California Enacts Laws Targeting Property and Other Wildfire Cost Mitigation
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California Enacts Laws Targeting Property and Other Wildfire Cost Mitigation



Customers Including Commercial Users to Pay Into $21 Billion Fund for Utility Liabilities


California Gov. Gavin Newsom has signed into law legislation creating a user-backed fund to help utilities pay for damage caused by wildfires, after blazes sparked by faulty electric utility lines and equipment caused extensive damage to commercial and residential properties in the state during the past year.

Passed as Assembly Bill 1054, the measure aims to provide investor-owned utilities up to $21 billion to pay for damage for fires connected to their equipment starting this summer if they meet certain criteria. That includes access to a $10.5 billion wildfire fund, with the ability to take out loans from a separate $10.5 billion "liquidity fund," both to be supported through an existing charge on customers’ monthly bills that is being extended by 15 years beyond its current 2021 expiration date. The state’s investor-owned utilities, which include Pacific Gas & Electric Co., Southern California Edison and San Diego Gas & Electric Co., can contribute to the fund in exchange for receiving a cap on their obligation to reimburse the fund after a wildfire.

Newsom also signed into law the companion Assembly Bill 111, which creates a committee to oversee the new wildfire fund.

Originally sponsored by Assemblyman Chris Holden, D-Pasadena, the criticized AB 1054 was opposed by some consumer advocates who contended the utilities should bear most of the financial burden for fires caused by their equipment. Vocal supporters were led by Newsom, who cited issues including recent threats by credit agencies to downgrade the state’s power companies if the state did not move by July 12 to address liability risks posed by potential future fires. Lowered credit ratings can prohibit borrowing or increase borrowing costs for utilities, which can be passed on to customers through higher monthly bills. The law is also aimed at preventing the utilities from filing for bankruptcy after a wildfire following PG&E's filing for bankruptcy protection in January after the state's recent fires.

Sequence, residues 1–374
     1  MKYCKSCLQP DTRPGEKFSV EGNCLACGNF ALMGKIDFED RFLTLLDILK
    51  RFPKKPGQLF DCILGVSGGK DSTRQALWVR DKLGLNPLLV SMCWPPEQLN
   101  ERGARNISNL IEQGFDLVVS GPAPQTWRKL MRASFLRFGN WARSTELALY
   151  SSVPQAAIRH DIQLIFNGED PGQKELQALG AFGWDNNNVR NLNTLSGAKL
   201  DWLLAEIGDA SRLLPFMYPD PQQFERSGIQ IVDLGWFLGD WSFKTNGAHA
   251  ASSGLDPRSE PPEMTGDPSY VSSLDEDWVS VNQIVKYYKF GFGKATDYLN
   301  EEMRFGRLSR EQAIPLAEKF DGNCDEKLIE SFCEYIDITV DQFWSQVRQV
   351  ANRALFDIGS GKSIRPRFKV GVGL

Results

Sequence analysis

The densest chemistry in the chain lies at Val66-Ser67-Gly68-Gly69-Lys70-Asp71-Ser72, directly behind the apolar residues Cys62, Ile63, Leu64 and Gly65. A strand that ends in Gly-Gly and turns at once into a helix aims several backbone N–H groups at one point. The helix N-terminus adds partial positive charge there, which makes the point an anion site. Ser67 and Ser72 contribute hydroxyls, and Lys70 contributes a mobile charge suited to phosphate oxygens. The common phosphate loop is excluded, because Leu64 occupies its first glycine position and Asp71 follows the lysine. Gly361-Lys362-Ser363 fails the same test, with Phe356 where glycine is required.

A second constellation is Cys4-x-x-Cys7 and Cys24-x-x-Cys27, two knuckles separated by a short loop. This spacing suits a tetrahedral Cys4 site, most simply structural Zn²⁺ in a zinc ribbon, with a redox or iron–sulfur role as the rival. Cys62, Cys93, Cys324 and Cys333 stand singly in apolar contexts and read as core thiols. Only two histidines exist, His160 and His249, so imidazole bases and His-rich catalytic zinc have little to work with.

AB 1054 recently passed the California Assembly by a vote of 63-8 and the state Senate by a 31-7 vote. In signing the bill into law July 12, Newsom said it will address safety and accountability concerns while also keeping energy costs in check, after several serious wildfires hit the state in the past few years.

"The rise in catastrophic wildfires fueled by climate change is a direct threat to Californians," Newsom said in a statement, adding that strengthening the state’s wildfire prevention, preparedness and mitigation efforts will be a top priority of his administration.

Newsom also announced the appointment of Marybel Batjer as president of the California Public Utilities Commission, the state's lead regulatory agency in the sector. "I am confident she will protect the best interest of all Californians by challenging utilities to embrace reform while providing safe, reliable and affordable service," the governor said.

Last fall’s Camp Fire in Northern California and the Woolsey Fire in Southern California killed almost 90 people and caused about $18 billion in damage to more than 19,000 structures, including hundreds of commercial properties.

A California state agency concluded electric transmission lines owned by Pacific Gas & Electric, which serves thousands of commercial utility customers in Northern California, caused the Camp fire, the deadliest such fire in the state’s history. Utility firms and their opponents have long been at odds over who should pay for wildfire mitigation efforts, which PG&E recently told regulators would cost the utility as much as $2.3 billion this year.

PG&E is required to exit bankruptcy and settle its claims before it can participate in the new wildfire fund.

Read original article posted by Costar here https://product.costar.com/home/news/1784785236?market=20

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The information above has been obtained from sources deemed reliable. While we do not doubt its accuracy, we have not verified it and make no guarantee, warranty or representation about it. It is your responsibility to independently confirm its accuracy and completeness. Any projections, opinions, assumptions or estimates used are for illustration only and do not represent the current or future performance of the property.